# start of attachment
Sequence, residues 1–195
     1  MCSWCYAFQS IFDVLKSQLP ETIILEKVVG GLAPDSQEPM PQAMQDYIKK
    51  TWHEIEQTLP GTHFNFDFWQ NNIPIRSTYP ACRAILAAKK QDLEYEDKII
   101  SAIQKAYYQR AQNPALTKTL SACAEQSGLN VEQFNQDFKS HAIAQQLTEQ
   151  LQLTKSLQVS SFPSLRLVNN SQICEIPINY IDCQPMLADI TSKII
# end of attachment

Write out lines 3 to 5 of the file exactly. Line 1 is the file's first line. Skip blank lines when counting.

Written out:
    51  TWHEIEQTLP GTHFNFDFWQ NNIPIRSTYP ACRAILAAKK QDLEYEDKII
   101  SAIQKAYYQR AQNPALTKTL SACAEQSGLN VEQFNQDFKS HAIAQQLTEQ
   151  LQLTKSLQVS SFPSLRLVNN SQICEIPINY IDCQPMLADI TSKII